May 2, 2011, 1:34 PM EST
Technically, the NFL lockout is over. Maybe it will be reenacted, maybe not, but at this very moment, only the league thinks this thing is still on. What can stop an intrepid team such as the Eagles from making moves?
While it would be extremely unpopular among a group of owners desperately calling for timeout, the Eagles absolutely should use this window to make at least one move. If they can find a willing partner, the Eagles should trade Kevin Kolb today, and collect their compensation of 2011 draft picks.
Why not? Nobody is suggesting the Eagles go completely AWOL, and open their doors for workouts, or start signing free agents—though it would be nice. This is merely swapping one player’s rights for another.
Chances are the NFL would deny their request, but who knows? By not authorizing a trade, or really, by preventing any franchise from operating like normal, the league risks violating the law. Up to this point, maybe they can argue not enough time has passed to reasonably enforce the court’s ruling, but how easily can they make such a case once that first trade comes across the commissioner’s desk?
It’s also entirely possible the Eagles would be unable to find a partner; not at this late date, not in this uncertain climate. Even if a trade was miraculously completed, the lockout could resume as early as tomorrow, and the club that acquired Kolb is stuck with a new quarterback they can’t see or speak to. For how long is anybody’s guess.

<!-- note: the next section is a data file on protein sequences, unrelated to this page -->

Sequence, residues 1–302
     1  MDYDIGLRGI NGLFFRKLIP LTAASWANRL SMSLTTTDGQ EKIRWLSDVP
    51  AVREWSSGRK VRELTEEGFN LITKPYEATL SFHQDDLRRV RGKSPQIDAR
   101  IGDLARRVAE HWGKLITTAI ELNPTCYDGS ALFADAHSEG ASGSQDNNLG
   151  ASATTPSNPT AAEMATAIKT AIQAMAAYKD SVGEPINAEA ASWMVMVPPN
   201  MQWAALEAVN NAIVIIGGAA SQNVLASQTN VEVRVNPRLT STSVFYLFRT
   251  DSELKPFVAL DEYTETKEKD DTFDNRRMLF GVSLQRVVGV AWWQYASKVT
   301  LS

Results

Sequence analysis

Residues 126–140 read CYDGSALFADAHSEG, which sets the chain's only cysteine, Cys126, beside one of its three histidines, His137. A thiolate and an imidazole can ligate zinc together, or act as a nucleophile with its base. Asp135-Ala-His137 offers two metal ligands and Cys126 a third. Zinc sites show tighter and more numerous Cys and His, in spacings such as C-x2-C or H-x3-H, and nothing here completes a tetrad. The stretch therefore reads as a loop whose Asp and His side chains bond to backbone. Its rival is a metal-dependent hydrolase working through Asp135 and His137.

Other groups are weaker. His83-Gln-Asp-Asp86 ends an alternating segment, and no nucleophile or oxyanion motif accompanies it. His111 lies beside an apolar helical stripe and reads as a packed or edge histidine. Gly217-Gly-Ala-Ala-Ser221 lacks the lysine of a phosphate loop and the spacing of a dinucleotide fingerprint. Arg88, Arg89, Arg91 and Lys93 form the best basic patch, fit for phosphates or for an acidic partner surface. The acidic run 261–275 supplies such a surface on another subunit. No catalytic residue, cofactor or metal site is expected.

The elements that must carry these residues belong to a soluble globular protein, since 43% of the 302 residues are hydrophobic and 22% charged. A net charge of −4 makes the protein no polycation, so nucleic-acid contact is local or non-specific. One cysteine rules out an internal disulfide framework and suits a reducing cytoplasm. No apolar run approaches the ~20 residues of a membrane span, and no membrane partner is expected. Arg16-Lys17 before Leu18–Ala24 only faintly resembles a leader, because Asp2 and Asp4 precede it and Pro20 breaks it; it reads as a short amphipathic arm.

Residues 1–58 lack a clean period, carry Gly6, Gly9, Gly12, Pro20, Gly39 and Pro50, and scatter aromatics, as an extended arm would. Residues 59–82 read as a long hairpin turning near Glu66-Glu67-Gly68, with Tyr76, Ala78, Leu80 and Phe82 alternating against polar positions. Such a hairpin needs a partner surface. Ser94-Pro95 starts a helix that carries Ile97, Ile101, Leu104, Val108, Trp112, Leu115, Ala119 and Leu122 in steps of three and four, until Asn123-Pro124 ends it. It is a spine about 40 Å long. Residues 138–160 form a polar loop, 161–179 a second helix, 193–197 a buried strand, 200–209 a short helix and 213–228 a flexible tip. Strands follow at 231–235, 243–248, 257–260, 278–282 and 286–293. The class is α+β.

And good luck finding another owner who will break from the rest of them, or convincing Jeffrey Lurie for that matter.
But the Eagles are getting screwed here, and this is their only chance. Sure, Kolb will be worth roughly the same after the draft as he is before it, but how much better could they be within the next two seasons if they had those picks this year?
It might be one of the most controversial trades of all time, but it’s completely justifiable. Why shouldn’t any club in a similar situation trade players for picks today? There are no adjustments to the terms of existing contracts. The only thing that changes is which team owns the players’ rights.
Worst case scenario: maybe the deal gets blocked. Otherwise, all St. Roger Goodell and the NFL’s team of attorneys can do is put on their frowny faces and wag a collective finger at the Eagles.
Is it going to happen? Of course not. Based on the emails the Eagles are sending fans, the franchise is firmly entrenched with the other owners, who are intent on reversing the court’s decision. Exchanging Kolb for picks today would be the best possible thing for the team though, which is all that matters in this space.
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